Georgetown University’s Newspaper of Record since 1920

The Hoya

Georgetown University’s Newspaper of Record since 1920

The Hoya

Georgetown University’s Newspaper of Record since 1920

The Hoya

Movie Review: ‘Pandas’ at the National Air and Space Museum


IMAX’s newest documentary “Pandas,” which is being shown at the National Air and Space Museum, brings to life the incredible story of the panda Qian Qian and her bond with wildlife biologist Dr. Jacob Owens as they prepare her for life in the wild. Directed by Drew Fellman and David Douglas, the film’s short format, breathtaking cinematography and engaging narration by Kristen Bell make it enrapturing and heartwarming.

From her birth at the Chengdu Research Base of Giant Panda Breeding in Chengdu, China to her adulthood in the mountains of Sichuan province, Qian Qian is as much an actress as any human film figure: Her playfulness and clear devotion to Owens make her an instantly endearing protagonist.

The documentary begins by introducing the center at which Qian Qian was born and quickly establishes the purpose of the Chengdu Panda Base’s release program — to bolster the dwindling number of wild pandas. Currently, there are fewer than 2,000 wild giant pandas.

Several shots show Qian Qian and Owens playing in the grass and wrestling with one another, even as the panda continues to grow. Qian Qian follows Owens around like a dog does its owner. When Qian Qian develops an infection a few weeks after her release into the wild, she is ushered back into captivity by Owens and his team so she can recuperate. Though Qian Qian has not yet been released into the wild for the second time, an optimistic tone at the end of the film signals faith in a bright future for the panda.

Though the overall upbeat tone of this documentary means it is great for kids and adults alike, the directors ignore one critical problem: climate change. In a question-and-answer session with Owens, the biologist stressed habitat fragmentation and climate change as the two greatest threats to panda populations.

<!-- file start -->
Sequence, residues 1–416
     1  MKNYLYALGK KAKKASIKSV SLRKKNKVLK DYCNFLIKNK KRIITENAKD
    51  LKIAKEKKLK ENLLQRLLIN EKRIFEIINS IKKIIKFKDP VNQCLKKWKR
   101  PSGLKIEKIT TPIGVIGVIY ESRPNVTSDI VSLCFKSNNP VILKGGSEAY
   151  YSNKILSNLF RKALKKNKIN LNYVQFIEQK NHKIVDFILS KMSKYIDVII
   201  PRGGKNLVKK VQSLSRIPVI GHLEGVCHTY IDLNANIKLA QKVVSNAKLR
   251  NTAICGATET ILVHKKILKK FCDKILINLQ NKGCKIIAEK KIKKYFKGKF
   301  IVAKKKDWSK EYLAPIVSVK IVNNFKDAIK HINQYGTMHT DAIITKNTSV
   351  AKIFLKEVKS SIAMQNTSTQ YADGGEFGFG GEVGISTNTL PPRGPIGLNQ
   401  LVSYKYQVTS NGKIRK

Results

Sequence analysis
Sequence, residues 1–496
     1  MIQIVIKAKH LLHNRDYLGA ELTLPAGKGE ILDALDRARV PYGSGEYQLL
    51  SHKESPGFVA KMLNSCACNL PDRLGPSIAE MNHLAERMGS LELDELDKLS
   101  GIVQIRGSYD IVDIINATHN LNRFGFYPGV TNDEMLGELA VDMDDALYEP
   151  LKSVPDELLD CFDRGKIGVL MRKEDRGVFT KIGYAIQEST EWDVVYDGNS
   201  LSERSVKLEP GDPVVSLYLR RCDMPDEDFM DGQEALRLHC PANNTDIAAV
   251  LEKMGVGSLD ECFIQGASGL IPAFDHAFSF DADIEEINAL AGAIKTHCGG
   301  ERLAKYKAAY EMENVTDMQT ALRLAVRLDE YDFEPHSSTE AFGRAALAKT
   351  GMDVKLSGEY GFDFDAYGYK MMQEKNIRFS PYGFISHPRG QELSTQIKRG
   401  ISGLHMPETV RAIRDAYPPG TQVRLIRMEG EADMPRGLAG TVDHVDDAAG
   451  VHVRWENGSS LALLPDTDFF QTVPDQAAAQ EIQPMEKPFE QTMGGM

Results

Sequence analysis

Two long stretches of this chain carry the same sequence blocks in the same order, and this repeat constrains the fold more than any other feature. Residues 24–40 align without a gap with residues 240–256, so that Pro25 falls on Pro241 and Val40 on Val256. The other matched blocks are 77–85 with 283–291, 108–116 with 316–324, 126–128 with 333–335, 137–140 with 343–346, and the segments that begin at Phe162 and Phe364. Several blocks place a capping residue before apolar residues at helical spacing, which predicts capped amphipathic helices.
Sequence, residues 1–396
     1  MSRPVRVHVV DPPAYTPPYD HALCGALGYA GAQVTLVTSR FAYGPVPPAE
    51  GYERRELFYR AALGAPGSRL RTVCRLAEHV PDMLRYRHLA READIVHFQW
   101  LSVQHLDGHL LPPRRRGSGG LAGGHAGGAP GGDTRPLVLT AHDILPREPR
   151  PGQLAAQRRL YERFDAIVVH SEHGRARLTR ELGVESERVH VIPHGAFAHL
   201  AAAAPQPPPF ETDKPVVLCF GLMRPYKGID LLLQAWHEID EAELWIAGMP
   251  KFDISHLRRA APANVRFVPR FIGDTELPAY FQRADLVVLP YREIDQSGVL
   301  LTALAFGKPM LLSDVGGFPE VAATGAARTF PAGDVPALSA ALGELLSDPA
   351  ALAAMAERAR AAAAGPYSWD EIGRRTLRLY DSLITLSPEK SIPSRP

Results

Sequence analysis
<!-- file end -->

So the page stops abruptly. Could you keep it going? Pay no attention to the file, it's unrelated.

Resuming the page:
Though Owens emphasized the importance of public awareness on climate change during the speaking event, the seriousness of the situation was not emphasized in the film. By including information about the danger of climate change and the human causes of it, “Pandas” could have encouraged audiences to change their behaviors — if only for the sake of the pandas.

The first two years of Qian Qian’s life are captured by stunning shots that makes ample use of China’s natural wonders. Panoramic views of waterfalls and treetops are amazing to behold, particularly in 3-D. The film’s music, composed by Mark Mothersbaugh, is well-chosen and generally upbeat. Together, the documentary’s visual and audio elements make Qian Qian’s story all the more enthralling.

No matter the occasion, “Pandas” promises an uplifting plot and numerous adorable baby pandas. The awe-inspiring panoramic images of nature and endearing story is worth a trek out to the National Air and Space Museum.

Pandas” opens at the Lockheed Martin IMAX Theater at the Smithsonian National Air and Space Museum on April 6. Museum admission is free, but tickets for the movie range from $7-9.

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